Using 20 years of peacebuilding expenditure in Rwanda as a guide for establishing a unit cost, the IEP estimates the cost-effectiveness ratio of peacebuilding to be 1:16. This means that if countries currently in conflict increased or received higher levels of peacebuilding funding to appropriate levels estimated by this model, then for every $1 invested now, the cost of conflict would be reduced by $16 over the long run.

…the world has come to a critical point where it is imperative to engage in efficient and sustainable peacebuilding initiatives.

With sound capabilities to identify the countries most at risk of conflict such that timely programs can be put in place, and assuming only half the implemented peacebuilding interventions were successful and the predictive models were only 50 percent accurate, the return on investment would still be 4:1.

The stakes are high when it comes to the field of peacebuilding. Few other industries face similar challenges. However, when successful, the rewards are significant. As governments continue to pour substantial amounts of money into security, policymakers cannot ignore the need for preventative and cost-saving investments into peacebuilding initiatives that really work.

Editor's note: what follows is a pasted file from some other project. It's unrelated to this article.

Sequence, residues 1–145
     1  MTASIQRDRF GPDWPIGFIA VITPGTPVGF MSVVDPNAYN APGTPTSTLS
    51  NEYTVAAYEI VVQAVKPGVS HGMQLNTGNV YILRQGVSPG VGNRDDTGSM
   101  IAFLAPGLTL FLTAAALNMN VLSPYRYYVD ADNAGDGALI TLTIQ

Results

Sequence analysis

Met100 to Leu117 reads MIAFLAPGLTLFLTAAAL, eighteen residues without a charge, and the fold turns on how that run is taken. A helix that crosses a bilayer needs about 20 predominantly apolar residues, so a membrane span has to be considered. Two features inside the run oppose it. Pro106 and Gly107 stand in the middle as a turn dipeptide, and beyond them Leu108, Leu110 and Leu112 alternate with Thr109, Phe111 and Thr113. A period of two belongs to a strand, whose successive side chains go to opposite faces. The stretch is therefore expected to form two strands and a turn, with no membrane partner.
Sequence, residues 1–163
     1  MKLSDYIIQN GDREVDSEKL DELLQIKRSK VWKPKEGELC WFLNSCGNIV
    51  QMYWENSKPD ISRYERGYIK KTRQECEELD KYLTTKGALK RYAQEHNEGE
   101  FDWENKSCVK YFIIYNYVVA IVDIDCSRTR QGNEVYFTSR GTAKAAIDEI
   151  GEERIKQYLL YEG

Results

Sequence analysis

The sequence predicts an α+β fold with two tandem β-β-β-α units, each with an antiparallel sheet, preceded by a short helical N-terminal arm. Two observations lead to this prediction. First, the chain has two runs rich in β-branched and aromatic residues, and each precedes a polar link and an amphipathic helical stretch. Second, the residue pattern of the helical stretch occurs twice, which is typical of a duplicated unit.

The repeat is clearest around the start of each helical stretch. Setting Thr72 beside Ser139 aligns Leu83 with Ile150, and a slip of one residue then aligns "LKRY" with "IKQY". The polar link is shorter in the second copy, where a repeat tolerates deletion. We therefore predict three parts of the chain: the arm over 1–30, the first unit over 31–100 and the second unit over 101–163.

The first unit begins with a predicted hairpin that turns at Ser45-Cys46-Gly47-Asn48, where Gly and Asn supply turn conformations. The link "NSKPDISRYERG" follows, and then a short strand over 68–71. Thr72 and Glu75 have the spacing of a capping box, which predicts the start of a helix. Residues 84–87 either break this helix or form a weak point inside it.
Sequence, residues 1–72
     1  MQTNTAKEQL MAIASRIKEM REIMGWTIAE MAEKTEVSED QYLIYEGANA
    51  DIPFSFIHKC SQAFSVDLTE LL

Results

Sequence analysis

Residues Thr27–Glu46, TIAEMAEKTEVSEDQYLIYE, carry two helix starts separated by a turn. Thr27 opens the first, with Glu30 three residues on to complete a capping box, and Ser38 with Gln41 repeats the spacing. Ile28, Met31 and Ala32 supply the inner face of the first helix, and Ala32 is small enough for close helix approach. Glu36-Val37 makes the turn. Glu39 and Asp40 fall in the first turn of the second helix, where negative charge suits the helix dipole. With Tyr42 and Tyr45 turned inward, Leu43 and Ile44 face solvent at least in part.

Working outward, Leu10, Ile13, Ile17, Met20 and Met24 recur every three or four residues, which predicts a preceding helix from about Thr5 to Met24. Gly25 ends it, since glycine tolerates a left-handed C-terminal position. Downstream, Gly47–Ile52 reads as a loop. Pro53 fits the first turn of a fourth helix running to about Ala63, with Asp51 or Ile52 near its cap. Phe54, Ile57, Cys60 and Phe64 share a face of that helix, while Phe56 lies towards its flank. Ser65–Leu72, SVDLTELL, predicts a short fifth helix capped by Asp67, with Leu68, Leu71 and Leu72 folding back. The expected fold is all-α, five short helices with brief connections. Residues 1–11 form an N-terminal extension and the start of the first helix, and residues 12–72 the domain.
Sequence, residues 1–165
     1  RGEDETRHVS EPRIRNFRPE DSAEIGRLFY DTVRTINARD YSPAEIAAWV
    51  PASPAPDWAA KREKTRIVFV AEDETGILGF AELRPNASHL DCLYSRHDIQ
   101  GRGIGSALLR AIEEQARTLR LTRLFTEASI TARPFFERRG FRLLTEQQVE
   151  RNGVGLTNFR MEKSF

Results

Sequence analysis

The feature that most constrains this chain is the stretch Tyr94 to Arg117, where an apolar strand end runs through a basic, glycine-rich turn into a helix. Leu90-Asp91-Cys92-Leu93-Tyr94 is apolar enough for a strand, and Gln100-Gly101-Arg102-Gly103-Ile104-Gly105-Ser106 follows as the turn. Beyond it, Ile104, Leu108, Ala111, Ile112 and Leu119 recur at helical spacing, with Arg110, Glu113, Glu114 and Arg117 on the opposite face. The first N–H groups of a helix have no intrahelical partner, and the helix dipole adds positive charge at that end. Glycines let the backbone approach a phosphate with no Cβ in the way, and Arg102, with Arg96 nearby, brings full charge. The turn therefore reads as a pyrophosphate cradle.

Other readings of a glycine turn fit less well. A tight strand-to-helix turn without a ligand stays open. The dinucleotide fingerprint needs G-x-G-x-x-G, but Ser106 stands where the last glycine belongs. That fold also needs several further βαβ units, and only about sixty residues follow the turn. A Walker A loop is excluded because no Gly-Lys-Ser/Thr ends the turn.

If $1 can be spent on prevention, how can anyone reasonably justify spending $16 on post-conflict?


Photo Credit: Alexander Radelich
Featured Photo: Civilian-military activities carried out by the MINUSMA Force for the benefit of the population during Operation Frelena, including free medical consultations, awareness-raising and mine-risk education and unexploded ordnance Distribution of drinking water to populations. Photo Credit: UN Photo/Harandane Dicko
About the Author /

Camilla Schippa is the Director of Global Strategy at the Pure Foundation, an innovative philanthropic trust seeking to harness an eco-system style mission rather than targeting just one specific social cause or outcome. Camilla was the founding Director of the Institute for Economics and Peace (IEP), which she led for the decade 2008 to 2018. Between her many responsibilities, she managed the development of IEP’s research outputs, including the Global Peace Index and the Global Terrorism Index, as well as the establishment of IEP’s offices in Australia, North America and Europe. Prior to IEP, Camilla held senior positions at the United Nations Secretariat where she spearheaded the development of high impact multi-stakeholder partnerships and contributed to the creation of numerous strategic alliances between the UN, corporations and foundations. With 20 years of professional experience in building new initiatives for development and peace, guiding public-private partnerships, leading teams and coordinating vast public outreach efforts, Camilla’s first-hand expertise is in intergovernmental organizations, philanthropic strategy and academic research.